Don’t mistake my kindness for weakness. Don’t confuse my patience with apathy.
I don’t consider myself a kind person. I am a nice person.
I don’t consider myself a patient person. I am patient.
Well, about 90 percent of the time. But I am also a Gemini. My astrological sign dictates that I have a twin personality.
And as everyone who is fortunate enough to have a Gemini in their lives knows, an evil twin lurks beneath the surface of even the kindest and most patient Gemini.
It’s not really evil. It just hates it when people mistake its kindness for weakness and its patience for apathy.
“I don’t like it when you’re angry,” a friend recently told me.
That’s because I don’t get angry often. When I do, it’s not pretty.
But because it’s so out of character for me, it makes more impact.
In the recent past I can recall two very specific instances when my evil twin came out to play. Both happened at work.
I was in the middle of training a new associate producer at work. She had been with us for about a week and had been included in the chit chat in which I engage my colleagues when I get to work.
I like to start off the day on a light note. By the time I get to the station, the overnight staff has already been there for 5 hours. The way I see it, bringing a little levity to the moment changes the room’s energy and increases productivity. So, after I put down my briefcase and boot up my computer, I walk the 20 feet from my desk to the “producer’s pod” in the middle of the newsroom and engage in a little light banter.
“Anything I should know?” I ask the Executive Producer.
She fills me in on the overnight updates and then we move on to more important things like, “How long has that pizza been sitting in the break room? Is it safe to eat a slice?”
That was the scenario when training for the new associate producer I mentioned a few sentences back began.
But she had more important things going on. Like the fight via text messaging she was having with her boyfriend. A fight she had no intentions of stopping for something as trivial as learning to do her job.
I ignored the first text message. The second annoyed me.
After the third, the transformation from peaceful Barb to evil Barb began. Metamorphosis complete, this came out of my mouth.
“Clearly you have more important things going on right now. And training to do your job can’t compete with that drama. Let me know when you’re not too busy. Hopefully I’ll have time for you then.”
Translation: Don’t mistake my kindness for weakness. Don’t confuse my patience with apathy.
I had been at work for all of 15 minutes when my phone rang. The caller ID identified it as an outside call, most likely from a viewer.
“Is Mary there?” the caller asked. (Mary isn’t her real name. In fact, I don’t even know anyone named Mary so it’s a safe name to use to make a point and disguise the guilty.)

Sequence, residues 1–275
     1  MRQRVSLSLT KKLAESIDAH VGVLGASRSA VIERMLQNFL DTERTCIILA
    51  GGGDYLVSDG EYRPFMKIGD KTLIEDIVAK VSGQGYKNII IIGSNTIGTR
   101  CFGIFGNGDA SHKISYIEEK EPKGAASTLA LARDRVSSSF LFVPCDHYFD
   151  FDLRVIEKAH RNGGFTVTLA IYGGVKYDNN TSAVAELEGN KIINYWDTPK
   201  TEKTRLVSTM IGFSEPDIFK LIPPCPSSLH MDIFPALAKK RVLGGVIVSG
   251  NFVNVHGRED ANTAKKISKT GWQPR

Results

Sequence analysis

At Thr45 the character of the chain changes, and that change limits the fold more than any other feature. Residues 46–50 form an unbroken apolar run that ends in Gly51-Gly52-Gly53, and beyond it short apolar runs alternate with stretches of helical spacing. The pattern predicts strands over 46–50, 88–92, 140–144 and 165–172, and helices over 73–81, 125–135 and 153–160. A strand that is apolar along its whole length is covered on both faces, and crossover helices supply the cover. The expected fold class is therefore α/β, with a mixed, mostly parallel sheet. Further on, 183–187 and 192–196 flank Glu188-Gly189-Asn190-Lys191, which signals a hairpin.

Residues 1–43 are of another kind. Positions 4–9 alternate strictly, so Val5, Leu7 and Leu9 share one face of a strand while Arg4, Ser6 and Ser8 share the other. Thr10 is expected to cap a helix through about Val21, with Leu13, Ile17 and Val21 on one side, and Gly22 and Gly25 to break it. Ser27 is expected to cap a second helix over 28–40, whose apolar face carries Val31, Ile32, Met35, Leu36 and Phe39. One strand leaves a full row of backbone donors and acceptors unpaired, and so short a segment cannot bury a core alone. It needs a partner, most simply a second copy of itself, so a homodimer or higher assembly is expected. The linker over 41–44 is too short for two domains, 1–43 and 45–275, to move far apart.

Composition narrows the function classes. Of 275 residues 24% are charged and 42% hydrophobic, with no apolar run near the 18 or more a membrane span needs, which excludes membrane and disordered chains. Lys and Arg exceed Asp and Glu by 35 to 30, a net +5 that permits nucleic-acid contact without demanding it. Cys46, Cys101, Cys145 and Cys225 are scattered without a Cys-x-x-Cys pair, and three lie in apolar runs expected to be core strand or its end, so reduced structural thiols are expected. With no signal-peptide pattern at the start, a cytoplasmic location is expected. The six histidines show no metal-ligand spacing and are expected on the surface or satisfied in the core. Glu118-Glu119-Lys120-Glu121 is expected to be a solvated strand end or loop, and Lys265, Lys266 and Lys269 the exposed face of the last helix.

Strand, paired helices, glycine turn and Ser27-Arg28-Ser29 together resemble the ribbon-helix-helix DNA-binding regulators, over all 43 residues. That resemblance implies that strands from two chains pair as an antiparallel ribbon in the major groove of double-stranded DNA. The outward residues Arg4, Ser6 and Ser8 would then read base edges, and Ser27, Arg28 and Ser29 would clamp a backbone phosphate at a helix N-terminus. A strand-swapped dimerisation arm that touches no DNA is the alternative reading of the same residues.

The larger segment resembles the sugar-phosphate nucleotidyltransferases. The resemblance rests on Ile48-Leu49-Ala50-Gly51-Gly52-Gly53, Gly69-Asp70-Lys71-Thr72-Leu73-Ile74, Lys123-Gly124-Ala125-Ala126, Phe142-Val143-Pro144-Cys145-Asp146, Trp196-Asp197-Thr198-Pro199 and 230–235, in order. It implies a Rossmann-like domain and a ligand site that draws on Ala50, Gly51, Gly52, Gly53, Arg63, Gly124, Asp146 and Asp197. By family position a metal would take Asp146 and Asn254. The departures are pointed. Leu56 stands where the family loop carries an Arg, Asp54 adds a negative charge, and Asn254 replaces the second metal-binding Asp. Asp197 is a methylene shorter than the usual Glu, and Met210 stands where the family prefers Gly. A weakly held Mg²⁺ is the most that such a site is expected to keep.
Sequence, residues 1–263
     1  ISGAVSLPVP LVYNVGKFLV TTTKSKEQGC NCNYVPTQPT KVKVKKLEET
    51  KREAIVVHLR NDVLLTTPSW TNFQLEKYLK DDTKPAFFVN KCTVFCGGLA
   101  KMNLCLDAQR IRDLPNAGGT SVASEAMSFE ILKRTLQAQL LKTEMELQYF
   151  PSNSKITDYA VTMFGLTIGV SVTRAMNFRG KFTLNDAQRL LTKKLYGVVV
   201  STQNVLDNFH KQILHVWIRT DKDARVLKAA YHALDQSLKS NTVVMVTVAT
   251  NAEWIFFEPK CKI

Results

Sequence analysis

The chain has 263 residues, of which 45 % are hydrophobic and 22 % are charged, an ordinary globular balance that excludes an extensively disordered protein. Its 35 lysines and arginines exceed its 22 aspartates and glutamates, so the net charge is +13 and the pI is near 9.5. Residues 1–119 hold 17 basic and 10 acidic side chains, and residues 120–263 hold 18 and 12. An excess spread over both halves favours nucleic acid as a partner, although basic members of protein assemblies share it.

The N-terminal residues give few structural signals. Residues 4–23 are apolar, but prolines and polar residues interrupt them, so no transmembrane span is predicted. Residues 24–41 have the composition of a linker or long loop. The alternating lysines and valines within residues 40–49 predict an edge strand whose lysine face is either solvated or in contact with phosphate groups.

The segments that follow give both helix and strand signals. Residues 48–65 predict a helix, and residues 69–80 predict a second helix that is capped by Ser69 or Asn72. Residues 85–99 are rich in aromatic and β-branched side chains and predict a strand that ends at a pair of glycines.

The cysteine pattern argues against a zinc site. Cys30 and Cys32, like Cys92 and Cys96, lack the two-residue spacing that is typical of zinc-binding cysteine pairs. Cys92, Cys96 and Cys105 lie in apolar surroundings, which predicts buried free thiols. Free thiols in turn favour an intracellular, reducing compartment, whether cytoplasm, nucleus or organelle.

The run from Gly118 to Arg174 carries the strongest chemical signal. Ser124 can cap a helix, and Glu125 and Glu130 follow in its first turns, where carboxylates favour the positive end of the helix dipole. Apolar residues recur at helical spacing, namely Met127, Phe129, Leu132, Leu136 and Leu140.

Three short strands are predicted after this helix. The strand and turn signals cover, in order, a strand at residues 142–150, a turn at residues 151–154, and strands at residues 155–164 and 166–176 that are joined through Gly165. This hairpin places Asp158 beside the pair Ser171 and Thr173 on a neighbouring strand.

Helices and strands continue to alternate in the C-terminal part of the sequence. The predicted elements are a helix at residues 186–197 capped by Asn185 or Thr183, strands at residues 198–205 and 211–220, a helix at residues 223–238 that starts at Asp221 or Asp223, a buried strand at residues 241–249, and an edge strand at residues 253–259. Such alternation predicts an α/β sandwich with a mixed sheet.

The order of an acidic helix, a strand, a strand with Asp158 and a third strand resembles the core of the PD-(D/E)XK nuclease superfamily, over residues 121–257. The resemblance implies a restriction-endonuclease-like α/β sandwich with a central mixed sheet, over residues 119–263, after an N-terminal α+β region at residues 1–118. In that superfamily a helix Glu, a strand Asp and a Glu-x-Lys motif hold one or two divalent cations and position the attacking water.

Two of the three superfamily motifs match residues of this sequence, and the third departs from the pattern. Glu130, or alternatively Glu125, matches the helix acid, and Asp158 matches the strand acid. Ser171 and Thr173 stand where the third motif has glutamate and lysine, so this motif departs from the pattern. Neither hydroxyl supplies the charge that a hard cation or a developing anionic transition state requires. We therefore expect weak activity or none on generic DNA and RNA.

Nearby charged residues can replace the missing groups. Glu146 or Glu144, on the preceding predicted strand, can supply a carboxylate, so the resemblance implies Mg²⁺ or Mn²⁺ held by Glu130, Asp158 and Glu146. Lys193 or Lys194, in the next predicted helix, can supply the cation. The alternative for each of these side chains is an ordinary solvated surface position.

“This isn’t her extension,” I replied.
“Oh, what’s her extension?” the caller asked.
Since Mary was about 10 feet away, I called out, “Mary, what’s your extension?”
She replied. I conveyed the info to the caller and hung up.
Not five minutes had passed when my phone rang again.
“Is Mary there?” the caller asked.
“I told you this wasn’t her extension,” I told him.
“Oh, what’s her extension?” he asked.
Suddenly I was Bill Murray in a scene from Ground Hog Day, destined to relive the moment until I got it right.
I looked over to Mary’s desk, and saw she was no longer sitting there. I couldn’t remember her extension.
“I don’t know her extension,” I replied to the caller.
“You knew it before,” he said with a tone not quite up to my evil twin’s liking.
That’s when something within the deep, dark recesses of the grey matter in my brain snapped.
Before I could say something I was going to regret, I hung up. But the grey matter had already been disturbed and like the Incredible Hulk, once its fury is unleashed, nothing could tame it.
“Where’s Mary?” I asked another coworker who, by the look on his face, was more than just a tad bit alarmed by the flames shooting out of my head.
“Um, she’s in the studio,” he replied, whimpering like a scared puppy, afraid of getting too close to the crazed, demented woman who just a few seconds earlier had been peacefully sitting at her desk, eating a bowl of oatmeal and drinking juice from a Sippy cup.
“Tell her I want to talk to her when she comes back,” I said, now standing like a cat waiting to pounce on an unsuspecting mouse, oatmeal threatening to spew out of its mouth.
Three minutes later, Mary walked back into the newsroom.
“Listen, tell your friend to lose the attitude and lose my extension,” I said, not stopping to realize that my out of context statement made about as much sense as if I’d said, “Hey, Mary, your little lamb’s fleece is as white as snow.”
I didn’t yell, but my eyes were screaming and shooting death daggers ready to stab anyone who dared to intervene.
People were ducking for cover. I thought Mary was going to weep.
Translation (in case you didn’t get it the first time): Don’t mistake my kindness for weakness. Don’t confuse my patience with apathy.
The thing is that I get angry, but I get over it right away. I mean it. Within seconds the anger dissipates and I’m back to normal. My point has already been made, so why wallow in being pissed?
The above mentioned producer got trained the very same day I unleashed my anger at her. Mary and I were laughing hysterically at what happened a few minutes after my death daggers retreated.
This way of dealing with the important issues in my life has served me well for over half a decade. It reinforces that I’m human, and gains respect by not harboring anger or holding grudges.
Now, if I could only get my evil twin to stop being so shy about coming out to play when my significant other is around, Ground Hog Day would be a thing of the past.